Israel. Palestine would have a Jewish minority, similar to Israel’s 20 percent
Settlers: They would have the option of remaining as
law-abiding Palestinian citizens, voting either for the Palestinian parliament or
retaining their Israeli nationality and voting for the Knesset. Those who object
would be welcome to return home at their own discretion.
The option of
remaining would eliminate charges of deportation.
Israel’s Arab citizens
should be offered a similar choice – of becoming Palestinian nationals and
voting for the Palestinian parliament.
Jerusalem should remain a united
city, open to all, and become the capital of Israel and Palestine. That is, it
should be transformed into an international enclave under an international
regime. This would match Herzl’s vision of an “ex-territorial Jerusalem” (see:
The Diaries of Theodor Herzl, May 7, 1896).
In addition, our prime
minister might launch a dramatic initiative to transfer the UN headquarters from
New York to Jerusalem. This might appear presumptuous, but bearing in mind that
Jerusalem is the center of three world religions and that such a step might put
a final end to this conflict, the proposal could eventually appear realistic. It
would also have far-reaching implications for the security and economy of
Far-fetched fantasies? Perhaps.
But after decades of
national folly and in the absence of hope for a tranquil future here for our
grandchildren, the time is ripe for new ideas.
off the wall?
Sir, – Uri Savir talks about mirages. Bayit Yehudi leader Naftali
Bennett’s “ridiculous proposal to annex 60 percent of the West Bank to Israel”
and “[Prime Minister] Binyamin Netanyahu’s efforts to do everything in his prime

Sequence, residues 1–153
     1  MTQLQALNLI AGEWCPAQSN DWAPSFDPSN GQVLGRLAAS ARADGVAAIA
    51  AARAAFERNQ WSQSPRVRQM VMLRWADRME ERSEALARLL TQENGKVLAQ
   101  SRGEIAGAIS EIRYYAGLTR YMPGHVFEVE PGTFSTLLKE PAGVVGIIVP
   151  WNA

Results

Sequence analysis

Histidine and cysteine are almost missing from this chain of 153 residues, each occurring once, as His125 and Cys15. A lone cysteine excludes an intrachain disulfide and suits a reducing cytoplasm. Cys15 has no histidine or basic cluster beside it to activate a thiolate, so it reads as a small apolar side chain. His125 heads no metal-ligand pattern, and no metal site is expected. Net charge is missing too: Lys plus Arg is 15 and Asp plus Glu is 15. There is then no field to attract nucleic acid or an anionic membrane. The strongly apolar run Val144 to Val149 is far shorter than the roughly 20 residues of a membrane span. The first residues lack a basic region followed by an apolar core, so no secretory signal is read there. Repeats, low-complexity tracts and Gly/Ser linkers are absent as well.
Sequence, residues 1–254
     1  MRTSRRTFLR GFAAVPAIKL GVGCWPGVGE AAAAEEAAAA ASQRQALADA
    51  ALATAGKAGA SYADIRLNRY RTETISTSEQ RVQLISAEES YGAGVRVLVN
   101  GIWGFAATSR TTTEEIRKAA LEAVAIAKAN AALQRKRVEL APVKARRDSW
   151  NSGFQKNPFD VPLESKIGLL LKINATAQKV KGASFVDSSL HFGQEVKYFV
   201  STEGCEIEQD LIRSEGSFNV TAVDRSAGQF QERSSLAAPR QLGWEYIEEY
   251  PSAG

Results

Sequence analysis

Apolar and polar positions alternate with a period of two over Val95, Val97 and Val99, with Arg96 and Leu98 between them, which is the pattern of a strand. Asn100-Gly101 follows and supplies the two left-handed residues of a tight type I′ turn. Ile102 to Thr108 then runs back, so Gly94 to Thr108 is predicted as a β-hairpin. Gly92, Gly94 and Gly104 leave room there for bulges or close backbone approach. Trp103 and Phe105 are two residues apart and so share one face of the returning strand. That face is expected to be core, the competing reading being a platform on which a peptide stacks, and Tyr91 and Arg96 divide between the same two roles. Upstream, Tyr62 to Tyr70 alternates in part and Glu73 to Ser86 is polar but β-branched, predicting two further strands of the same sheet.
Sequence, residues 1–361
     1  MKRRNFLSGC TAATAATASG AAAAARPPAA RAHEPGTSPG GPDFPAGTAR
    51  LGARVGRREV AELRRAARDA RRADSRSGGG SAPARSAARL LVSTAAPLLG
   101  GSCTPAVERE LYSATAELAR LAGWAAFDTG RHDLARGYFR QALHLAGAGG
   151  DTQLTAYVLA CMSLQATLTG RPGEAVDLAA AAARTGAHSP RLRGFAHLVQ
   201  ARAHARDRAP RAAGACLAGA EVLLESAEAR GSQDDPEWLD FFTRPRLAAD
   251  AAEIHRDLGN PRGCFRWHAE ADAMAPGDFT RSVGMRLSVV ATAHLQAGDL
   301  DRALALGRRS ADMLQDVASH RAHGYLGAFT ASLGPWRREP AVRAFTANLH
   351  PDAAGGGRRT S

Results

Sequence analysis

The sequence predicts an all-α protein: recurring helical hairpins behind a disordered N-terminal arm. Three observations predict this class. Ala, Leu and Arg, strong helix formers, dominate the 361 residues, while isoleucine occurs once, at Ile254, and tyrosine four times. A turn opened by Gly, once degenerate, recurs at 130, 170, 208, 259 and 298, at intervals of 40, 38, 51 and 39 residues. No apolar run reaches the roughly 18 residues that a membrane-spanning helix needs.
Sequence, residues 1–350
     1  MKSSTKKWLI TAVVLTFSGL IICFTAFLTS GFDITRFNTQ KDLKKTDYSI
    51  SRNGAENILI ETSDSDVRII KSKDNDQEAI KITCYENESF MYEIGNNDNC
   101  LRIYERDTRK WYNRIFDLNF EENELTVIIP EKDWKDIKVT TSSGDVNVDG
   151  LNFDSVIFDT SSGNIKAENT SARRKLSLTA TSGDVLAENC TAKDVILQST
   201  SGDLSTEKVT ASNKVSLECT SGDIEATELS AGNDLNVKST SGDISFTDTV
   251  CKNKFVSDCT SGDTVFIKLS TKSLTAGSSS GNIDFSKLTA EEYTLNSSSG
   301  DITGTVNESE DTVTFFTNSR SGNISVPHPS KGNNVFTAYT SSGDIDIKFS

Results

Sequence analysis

ministerial power to prevent a two-state solution through settlement expansion”
are two examples.
Wasn’t Savir, the architect of the Oslo Accords, the
one who gave us the mirage of peace? Furthermore, he talks about “democracy” and
“the national rights” and “human rights” of Palestinians. What about the same
rights for Jews to live anywhere in the Jewish homeland? My real concern,
however, is about Netanyahu’s record of right-wing proposals and proclamations
regarding settlement building prior to elections, and then not following through
afterward in order to placate an American president.
Sir, – “A Palestinian-Jordanian confederation” lost its relevance to
me when Uri Savir completely ignored Hamas.
At the present time Egypt is
doing its utmost to reconcile the differences between Fatah and Hamas so that
they will be an acceptable partnership in the quest to establish a ministate
between Israel and Jordan.
This mini-state could then be used by Egypt’s
Muslim Brotherhood to destroy both Jordan and Israel.
As long as Hamas
and the Muslim Brotherhood are not totally neutralized, the establishment of
this mini-state should be opposed by anyone seeking peace in the Middle East. A
two-state solution is not a viable solution for Israel at the present time, and
a federation between Jordan and Palestine that includes Hamas is not a viable
solution for either Israel or Jordan.
The right-wing parties are
gathering strength in Israel for the simple reason that we are well aware of the
danger posed by the Arab countries embracing the radical Muslim
We must resist all efforts to have a peace treaty forced
upon us and under no circumstance should we give up any territory for a